#include problem

This is a discussion on #include problem within the C++ Programming forums, part of the General Programming Boards category; I am sure there is a simple fix to this that I am not seeing. I have four files in ...

  1. #1
    Master of Puppets rwmarsh's Avatar
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    #include problem

    I am sure there is a simple fix to this that I am not seeing. I have four files in this project
    file : header.h
    Code:
    #ifndef HEADER_H
    #define HEADER_H
    
    #define WIN32_LEAN_AND_MEAN
    #define NOGDI
    
    #include "console_message_box.h"
    #include <iostream>
    #include <string>
    #include <vector>
    #include <windows.h>
    
    void Second();
    
    #endif
    file : console_message_box.h
    Code:
    #ifndef CONSOLE_MESSAGEBOX_H_INCLUDED
    #define CONSOLE_MESSAGEBOX_H_INCLUDED
    
    #define WIN32_LEAN_AND_MEAN
    #define NOGDI
    
    #include <windows.h>
    #include <string>
    #include <vector>
    
    #define CMB_ENTER       900001
    #define CMB_YESNO       900002
    #define CMB_RESPONSE    900003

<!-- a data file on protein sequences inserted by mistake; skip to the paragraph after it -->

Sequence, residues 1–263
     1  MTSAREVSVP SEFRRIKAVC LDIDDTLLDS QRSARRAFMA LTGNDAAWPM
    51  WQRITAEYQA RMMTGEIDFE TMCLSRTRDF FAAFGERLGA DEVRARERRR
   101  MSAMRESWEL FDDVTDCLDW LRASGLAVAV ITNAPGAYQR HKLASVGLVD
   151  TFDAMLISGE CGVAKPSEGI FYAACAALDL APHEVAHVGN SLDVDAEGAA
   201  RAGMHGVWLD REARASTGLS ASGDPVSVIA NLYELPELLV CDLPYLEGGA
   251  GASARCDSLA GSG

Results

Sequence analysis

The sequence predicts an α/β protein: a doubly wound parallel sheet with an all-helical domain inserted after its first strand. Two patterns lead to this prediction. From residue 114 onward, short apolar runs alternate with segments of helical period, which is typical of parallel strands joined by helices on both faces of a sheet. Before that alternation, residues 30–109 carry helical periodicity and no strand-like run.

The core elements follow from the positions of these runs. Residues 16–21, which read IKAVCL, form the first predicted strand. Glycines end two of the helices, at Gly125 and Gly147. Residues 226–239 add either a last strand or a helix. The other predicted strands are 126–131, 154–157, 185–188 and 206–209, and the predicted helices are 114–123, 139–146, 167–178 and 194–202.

typedef int RETURNTYPE;
    
    void ConsoleMessageBox(const std::string line,
                           const RETURNTYPE end)
    {
        HANDLE hOut = GetStdHandle(STD_OUTPUT_HANDLE);
        COORD Position, ConsoleSize = GetLargestConsoleWindowSize(hOut);
        LPDWORD NumWritten;
        std::vector<std::string> vec;
        std::vector<std::string>::iterator iter;
        std::string::size_type line_length = line.length();
        std::string str1, str2;
        
        /*  Get Height and Width of the Box  */
        const int box_length = line_length + 6;
        const int box_height = 7;
        
        /*  Create the Box  */
        str1.assign( (box_length - 2), (unsigned char)205);
        str2 = (unsigned char)201; str2+= str1; str2+= (unsigned char)187;
          vec.push_back(str2);
        str1.assign( (box_length - 2), ' ');
        str2 = (unsigned char)186; str2+= str1; str2+= (unsigned char)186;